Hydro One TSX Symbol H
Ontario's high-voltage Transmission System Goes on the Market
Hydro One distributes electricity directly to 1.4 million homes and small businesses, about 25 per cent of the province's hydro customers, mainly in rural areas
Toronto - This is a big deal. "It is in fact the largest transaction in [Ontario's] history," Finance Minister Charles Sousa told news agencies on Wednesday. The last time an initial public offering (IPO) of this magnitude hit a Canadian stock market was in 2000, when Sun Life Financial began trading publicly, raising nearly $1.8 billion.
The last time any Canadian government federal or provincial raised this much money from selling off a Crown corporation was in 1995, when Ottawa's IPO for CN Rail raised $2.26 billion.
Sousa said the initial public offering is already "oversubscribed," meaning investors have placed advance orders for more shares than are available.
The province is floating a first tranche of 81.1 million shares in Hydro One at the price of $20.50, potentially bringing in $1.66 billion. At 8 am RBC was listing pre-trading bids at $26.00.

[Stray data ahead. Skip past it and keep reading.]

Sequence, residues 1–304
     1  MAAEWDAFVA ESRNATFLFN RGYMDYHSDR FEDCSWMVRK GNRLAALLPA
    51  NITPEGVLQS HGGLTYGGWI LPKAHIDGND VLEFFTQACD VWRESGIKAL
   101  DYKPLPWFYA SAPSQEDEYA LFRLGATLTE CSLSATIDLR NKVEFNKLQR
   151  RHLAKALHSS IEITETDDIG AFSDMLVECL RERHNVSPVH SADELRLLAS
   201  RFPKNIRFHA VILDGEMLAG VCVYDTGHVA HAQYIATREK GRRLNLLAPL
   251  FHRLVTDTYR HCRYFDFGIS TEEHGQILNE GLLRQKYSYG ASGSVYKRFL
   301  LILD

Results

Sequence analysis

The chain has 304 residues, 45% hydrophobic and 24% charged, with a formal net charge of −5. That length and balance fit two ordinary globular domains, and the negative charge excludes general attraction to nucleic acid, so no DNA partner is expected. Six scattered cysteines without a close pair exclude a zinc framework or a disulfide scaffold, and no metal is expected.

This is the first phase of Premier Kathleen Wynne's plan to privatize most of Hydro One. Her government is prepared to sell off up to 60 per cent of the utility, aiming to fetch some $9 billion that would be curbed to infrastructure projects the province currently needs.
Some $5 billion of the final share sales are earmarked for Hydro One's debt; the rest, says Wynne, will go toward Ontario's $130-billion commitment to building new infrastructure, such as transit.
"That historic investment in infrastructure is not possible unless we have the resources," said Wynne on Friday, in her last news conference before leaving the country on a 15-day trade mission. "Part of that is leveraging the assets that we own, including Hydro One."